|Author||: Yang Jisheng|
|Editor||: Picador USA|
Yang Jisheng’s The World Turned Upside Down is the definitive history of the Cultural Revolution, in withering and heartbreaking detail. As a major political event and a crucial turning point in the history of the People’s Republic of China, the Great Proletarian Cultural Revolution (1966–1976) marked the zenith as well as the nadir of Mao Zedong’s ultra-leftist politics. Following Tombstone, his groundbreaking and award-winning history of the Great Famine, Yang Jisheng presents the only history of the Cultural Revolution by an independent scholar based in mainland China, and makes a crucial contribution to understanding the lasting influence of those years. The World Turned Upside Down puts every political incident, major and minor, of those ten years under extraordinary and withering scrutiny, and arrives in English at a moment when contemporary Chinese governance is leaning once more toward a highly centralized power structure and a Mao-style cult of personality.
Uncover the remarkable story of the American Revolution! Who were the Redcoats, and what was the Boston Tea Party? Explore key events like the British surrender at Yorktown, and the writing of the Declaration of Independence. Written in association with the esteemed Smithsonian Institution, this beautiful visual reference ebook will transport you back in time and onto the front lines of the American Revolution. Take chronological steps through the American Revolution, starting with the first stirrings of colonial resistance. Learn about important events and key moments of the war that gave birth to the American republic. Meet the most memorable people from the period, from George Washington to Benedict Arnold, and explore first-person accounts by soldiers and civilians. This history ebook for children grade 7 and up gives you a complete overview of the most fascinating events during the war. The action is brought to life through illustrated accounts of every major military action and comprehensive timelines for every stage of the conflict. Gallery spreads feature the weapons, arms, and uniforms that were used, to give you a full picture of what it was like. Large color pictures, black-and-white drawings, and detailed maps add intriguing visuals to the history of America, so reading can be engaging and enjoyable. This visual reference ebook also details the politics of the war and the different parts of society impacted by the events. Learn about the treatment of prisoners and the revolution's implications for women, Native Americans, and African-Americans. Dive in and explore the parts of the American Revolution you haven't yet discovered. Mapping the Road to American Independence The American Revolution is the most significant event in American history. Without it, there would not be the United States of America. More than 240 years after the signing of the Declaration of Independence, this educational ebook demonstrates why this historical period is still so important today. Journey through the most significant events and battles: - From Resistance to Rebellion - Before 1775 - The Start of the War - 1775 - Birth of a Nation - 1776 - The Struggle for Mastery - 1777 - A Widening War - 1778 - Conflict Spreads - 1779 - The Continuing Struggle - 1780 - America Victorious - 1781-83 - Aftermath: A Stronger Nation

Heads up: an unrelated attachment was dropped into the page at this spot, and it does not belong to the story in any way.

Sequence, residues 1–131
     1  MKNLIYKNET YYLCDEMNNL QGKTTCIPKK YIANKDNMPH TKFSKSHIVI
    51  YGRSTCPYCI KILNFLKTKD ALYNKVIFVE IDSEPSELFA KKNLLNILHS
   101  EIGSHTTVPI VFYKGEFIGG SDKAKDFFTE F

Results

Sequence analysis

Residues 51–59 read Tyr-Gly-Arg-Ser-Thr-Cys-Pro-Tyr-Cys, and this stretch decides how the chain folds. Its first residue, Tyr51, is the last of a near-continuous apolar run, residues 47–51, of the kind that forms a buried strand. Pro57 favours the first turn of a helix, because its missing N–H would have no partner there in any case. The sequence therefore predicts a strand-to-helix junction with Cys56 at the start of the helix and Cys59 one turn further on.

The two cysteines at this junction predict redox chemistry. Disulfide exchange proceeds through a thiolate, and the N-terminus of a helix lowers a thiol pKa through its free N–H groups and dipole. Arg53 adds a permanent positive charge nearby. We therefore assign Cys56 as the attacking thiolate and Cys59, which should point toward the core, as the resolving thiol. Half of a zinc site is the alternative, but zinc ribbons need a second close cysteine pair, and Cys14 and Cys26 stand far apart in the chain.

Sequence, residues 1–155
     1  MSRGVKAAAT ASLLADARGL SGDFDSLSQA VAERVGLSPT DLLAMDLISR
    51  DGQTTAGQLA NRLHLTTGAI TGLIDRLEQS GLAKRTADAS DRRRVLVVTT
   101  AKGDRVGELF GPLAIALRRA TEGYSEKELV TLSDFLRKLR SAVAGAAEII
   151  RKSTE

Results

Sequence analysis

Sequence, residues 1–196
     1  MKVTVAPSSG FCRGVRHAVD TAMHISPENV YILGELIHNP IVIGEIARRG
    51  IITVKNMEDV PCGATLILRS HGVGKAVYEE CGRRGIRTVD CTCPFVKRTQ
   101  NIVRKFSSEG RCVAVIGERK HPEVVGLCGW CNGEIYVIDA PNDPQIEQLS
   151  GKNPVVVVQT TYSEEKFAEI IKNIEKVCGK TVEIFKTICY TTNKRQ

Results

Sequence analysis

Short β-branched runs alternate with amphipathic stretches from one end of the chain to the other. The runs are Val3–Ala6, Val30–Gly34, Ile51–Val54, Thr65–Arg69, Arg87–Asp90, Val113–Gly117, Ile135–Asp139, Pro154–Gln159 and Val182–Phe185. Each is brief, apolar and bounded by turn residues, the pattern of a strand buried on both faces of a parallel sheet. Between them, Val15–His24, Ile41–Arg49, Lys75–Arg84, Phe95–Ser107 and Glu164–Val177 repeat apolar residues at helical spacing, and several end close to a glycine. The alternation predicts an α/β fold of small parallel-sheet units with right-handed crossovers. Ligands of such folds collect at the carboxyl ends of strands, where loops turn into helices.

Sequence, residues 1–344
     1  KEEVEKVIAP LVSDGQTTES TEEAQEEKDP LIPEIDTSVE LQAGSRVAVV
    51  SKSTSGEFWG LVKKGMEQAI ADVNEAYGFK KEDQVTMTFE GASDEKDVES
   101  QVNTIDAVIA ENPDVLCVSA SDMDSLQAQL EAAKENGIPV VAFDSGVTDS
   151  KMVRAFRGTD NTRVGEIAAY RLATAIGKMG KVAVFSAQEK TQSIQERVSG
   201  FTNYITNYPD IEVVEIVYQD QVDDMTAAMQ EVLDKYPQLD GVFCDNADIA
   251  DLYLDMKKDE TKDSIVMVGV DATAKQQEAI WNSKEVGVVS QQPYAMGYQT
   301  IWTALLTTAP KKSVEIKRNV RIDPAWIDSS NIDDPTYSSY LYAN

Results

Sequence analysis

|Author||: Lin Chun|
|Editor||: Verso Books|